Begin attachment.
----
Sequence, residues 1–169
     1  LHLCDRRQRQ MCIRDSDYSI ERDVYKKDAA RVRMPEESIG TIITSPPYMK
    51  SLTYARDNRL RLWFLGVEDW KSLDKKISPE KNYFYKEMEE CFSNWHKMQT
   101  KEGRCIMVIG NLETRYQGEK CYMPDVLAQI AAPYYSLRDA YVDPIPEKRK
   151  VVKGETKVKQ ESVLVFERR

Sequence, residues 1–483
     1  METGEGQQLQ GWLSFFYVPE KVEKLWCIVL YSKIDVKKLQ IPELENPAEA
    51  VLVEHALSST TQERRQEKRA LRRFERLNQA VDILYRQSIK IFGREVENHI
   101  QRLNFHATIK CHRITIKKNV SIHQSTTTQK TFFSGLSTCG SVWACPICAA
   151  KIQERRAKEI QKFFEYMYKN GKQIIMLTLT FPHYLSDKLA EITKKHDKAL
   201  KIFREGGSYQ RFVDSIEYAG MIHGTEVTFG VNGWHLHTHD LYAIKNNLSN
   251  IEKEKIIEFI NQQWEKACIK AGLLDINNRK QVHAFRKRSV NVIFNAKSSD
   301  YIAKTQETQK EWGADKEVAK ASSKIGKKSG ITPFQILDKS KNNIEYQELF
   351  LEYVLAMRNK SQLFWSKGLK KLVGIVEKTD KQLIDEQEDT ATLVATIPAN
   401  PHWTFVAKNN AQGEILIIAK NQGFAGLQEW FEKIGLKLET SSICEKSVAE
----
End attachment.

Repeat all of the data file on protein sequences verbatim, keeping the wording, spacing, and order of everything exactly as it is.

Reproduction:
Sequence, residues 1–169
     1  LHLCDRRQRQ MCIRDSDYSI ERDVYKKDAA RVRMPEESIG TIITSPPYMK
    51  SLTYARDNRL RLWFLGVEDW KSLDKKISPE KNYFYKEMEE CFSNWHKMQT
   101  KEGRCIMVIG NLETRYQGEK CYMPDVLAQI AAPYYSLRDA YVDPIPEKRK
   151  VVKGETKVKQ ESVLVFERR

Sequence, residues 1–483
     1  METGEGQQLQ GWLSFFYVPE KVEKLWCIVL YSKIDVKKLQ IPELENPAEA
    51  VLVEHALSST TQERRQEKRA LRRFERLNQA VDILYRQSIK IFGREVENHI
   101  QRLNFHATIK CHRITIKKNV SIHQSTTTQK TFFSGLSTCG SVWACPICAA
   151  KIQERRAKEI QKFFEYMYKN GKQIIMLTLT FPHYLSDKLA EITKKHDKAL
   201  KIFREGGSYQ RFVDSIEYAG MIHGTEVTFG VNGWHLHTHD LYAIKNNLSN
   251  IEKEKIIEFI NQQWEKACIK AGLLDINNRK QVHAFRKRSV NVIFNAKSSD
   301  YIAKTQETQK EWGADKEVAK ASSKIGKKSG ITPFQILDKS KNNIEYQELF
   351  LEYVLAMRNK SQLFWSKGLK KLVGIVEKTD KQLIDEQEDT ATLVATIPAN
   401  PHWTFVAKNN AQGEILIIAK NQGFAGLQEW FEKIGLKLET SSICEKSVAE